Advances in genetic testing have been crucial to discovering the underlying causes of many endocrine disorders. They not only act as a guide to treatment but also as a precaution for family members.
- Early Career Activities at ENDO 2015 will highlight the ins and outs of getting published, finding a mentor, and so much more that you probably weren’t taught in medical school.
- HIGHLIGHTS • Preeclampsia is a hypertensive disease of pregnancy that resolves only upon delivery of the baby and placenta. Although it has been described for centuries, the cause of preeclampsia is still unknown. • Abnormal placental development is a hallmark of preeclampsia. However, the key events in placenta formation occur at the onset of pregnancy and thus cannot be thoroughly investigated in humans. • Animal models of preeclampsia are valuable tools for investigating key early pregnancy events, including implantation. • The BPH/5 murine strain spontaneously develops the cardinal signs of preeclampsia along with placental pathologies reminiscent of the human disease. BPH/5 mice also exhibit profound periimplantation defects at the maternal-fetal interface. • Investigating the very earliest stages of pregnancy using animal models provides the opportunities to gain insight into dysregulated maternal and fetal interactions that may lead to preeclampsia. • Recent advances suggest that biomarkers may be used to predict the onset of preeclampsia. • There is evidence that circulating factors that mark the onset of preeclampsia also play an important role in the pathophysiology. • The consequences of preeclampsia, including cardiovascular disease, cerebrovascular disease, hypertension, diabetes mellitus, and dyslipidemia require both screening and intervention. • Studies of long-term outcomes of cardiovascular risk intervention are needed in women with a history of preeclampsia.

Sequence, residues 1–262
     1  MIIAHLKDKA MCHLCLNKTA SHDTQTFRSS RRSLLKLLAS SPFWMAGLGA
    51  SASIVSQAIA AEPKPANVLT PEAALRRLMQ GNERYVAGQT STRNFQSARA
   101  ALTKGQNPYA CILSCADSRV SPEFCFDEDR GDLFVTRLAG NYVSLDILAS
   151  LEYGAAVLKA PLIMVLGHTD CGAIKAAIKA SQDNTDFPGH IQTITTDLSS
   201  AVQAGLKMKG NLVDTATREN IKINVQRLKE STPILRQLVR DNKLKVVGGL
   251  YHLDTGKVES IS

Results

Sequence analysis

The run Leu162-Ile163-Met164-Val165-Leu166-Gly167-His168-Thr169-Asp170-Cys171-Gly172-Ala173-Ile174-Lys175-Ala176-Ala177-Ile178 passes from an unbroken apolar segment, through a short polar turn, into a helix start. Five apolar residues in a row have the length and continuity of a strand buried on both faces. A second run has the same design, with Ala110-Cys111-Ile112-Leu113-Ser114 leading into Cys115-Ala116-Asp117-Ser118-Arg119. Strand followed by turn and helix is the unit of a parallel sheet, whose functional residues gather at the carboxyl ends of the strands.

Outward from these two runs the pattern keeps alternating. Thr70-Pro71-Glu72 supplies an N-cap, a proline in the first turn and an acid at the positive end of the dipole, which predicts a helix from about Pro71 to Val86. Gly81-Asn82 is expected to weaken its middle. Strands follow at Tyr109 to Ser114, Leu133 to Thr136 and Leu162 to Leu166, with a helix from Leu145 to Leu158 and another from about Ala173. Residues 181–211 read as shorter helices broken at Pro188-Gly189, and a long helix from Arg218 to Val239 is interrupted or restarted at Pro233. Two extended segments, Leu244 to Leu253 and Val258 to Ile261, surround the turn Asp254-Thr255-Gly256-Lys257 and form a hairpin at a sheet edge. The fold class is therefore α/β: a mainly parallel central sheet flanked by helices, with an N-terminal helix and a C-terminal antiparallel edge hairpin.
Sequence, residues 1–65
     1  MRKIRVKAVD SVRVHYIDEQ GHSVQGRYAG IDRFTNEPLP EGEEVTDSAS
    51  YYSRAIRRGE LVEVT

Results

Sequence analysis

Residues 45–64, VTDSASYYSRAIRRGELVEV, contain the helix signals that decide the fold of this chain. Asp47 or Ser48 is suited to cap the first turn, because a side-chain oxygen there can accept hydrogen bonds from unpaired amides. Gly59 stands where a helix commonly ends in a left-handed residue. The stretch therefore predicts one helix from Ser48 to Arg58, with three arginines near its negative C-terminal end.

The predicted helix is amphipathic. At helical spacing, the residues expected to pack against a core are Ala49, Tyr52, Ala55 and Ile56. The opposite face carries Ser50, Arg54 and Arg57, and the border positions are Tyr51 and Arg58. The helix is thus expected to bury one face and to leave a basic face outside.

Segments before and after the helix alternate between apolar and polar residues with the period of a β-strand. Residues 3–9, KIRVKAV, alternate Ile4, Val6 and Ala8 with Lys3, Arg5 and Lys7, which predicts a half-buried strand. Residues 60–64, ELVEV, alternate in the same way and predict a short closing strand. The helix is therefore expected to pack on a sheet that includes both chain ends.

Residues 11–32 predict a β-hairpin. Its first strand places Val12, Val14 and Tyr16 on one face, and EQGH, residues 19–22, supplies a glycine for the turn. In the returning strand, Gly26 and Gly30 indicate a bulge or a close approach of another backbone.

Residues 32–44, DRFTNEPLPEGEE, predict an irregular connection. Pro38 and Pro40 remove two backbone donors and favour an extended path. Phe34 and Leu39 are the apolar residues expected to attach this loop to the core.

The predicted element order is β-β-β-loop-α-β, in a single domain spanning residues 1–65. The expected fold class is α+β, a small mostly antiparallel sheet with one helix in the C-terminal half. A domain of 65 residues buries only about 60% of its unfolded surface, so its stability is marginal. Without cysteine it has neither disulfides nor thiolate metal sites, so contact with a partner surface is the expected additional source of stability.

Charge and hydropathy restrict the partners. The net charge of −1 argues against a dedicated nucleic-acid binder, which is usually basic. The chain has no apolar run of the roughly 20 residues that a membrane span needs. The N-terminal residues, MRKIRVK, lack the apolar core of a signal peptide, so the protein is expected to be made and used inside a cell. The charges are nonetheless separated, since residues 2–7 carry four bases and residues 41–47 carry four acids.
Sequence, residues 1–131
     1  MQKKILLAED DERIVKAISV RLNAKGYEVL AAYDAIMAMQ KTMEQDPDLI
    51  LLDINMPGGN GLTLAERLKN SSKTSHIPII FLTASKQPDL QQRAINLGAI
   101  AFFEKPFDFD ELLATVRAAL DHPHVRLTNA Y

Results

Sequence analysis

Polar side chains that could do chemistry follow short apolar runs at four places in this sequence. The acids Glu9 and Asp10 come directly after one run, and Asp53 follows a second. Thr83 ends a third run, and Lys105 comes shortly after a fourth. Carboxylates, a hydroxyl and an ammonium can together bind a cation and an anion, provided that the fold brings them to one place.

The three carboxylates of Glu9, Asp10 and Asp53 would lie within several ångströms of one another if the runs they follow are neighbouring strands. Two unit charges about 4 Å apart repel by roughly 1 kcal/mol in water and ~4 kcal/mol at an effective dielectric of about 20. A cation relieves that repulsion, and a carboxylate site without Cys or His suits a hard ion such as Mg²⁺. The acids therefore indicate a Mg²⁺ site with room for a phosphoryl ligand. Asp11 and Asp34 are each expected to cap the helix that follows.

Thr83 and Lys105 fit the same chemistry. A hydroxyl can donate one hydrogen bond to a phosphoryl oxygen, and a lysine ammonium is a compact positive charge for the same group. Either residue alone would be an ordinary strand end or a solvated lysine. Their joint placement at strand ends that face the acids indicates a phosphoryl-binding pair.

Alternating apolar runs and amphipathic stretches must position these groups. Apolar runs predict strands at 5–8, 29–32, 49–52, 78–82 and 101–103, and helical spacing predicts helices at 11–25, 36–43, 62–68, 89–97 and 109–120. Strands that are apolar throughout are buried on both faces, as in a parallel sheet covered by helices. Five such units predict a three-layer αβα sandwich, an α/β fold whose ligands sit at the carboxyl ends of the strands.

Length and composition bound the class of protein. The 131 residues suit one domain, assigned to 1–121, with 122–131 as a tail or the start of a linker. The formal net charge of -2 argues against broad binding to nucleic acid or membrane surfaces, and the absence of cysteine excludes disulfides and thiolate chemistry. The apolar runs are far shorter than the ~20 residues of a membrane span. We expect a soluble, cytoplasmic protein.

- When radio personality Froggy was diagnosed with acromegaly 10 years ago, he made it his personal mission to educate the public — as well as primary care physicians — on this rare and unexpected disease.
- The decision to go from your own practice to working for a group or a hospital requires thought and planning… and preparing for the worst.
- Whether you should buy or rent your equipment depends on the type of research you’re doing, how often the equipment will be used, and a variety of other considerations.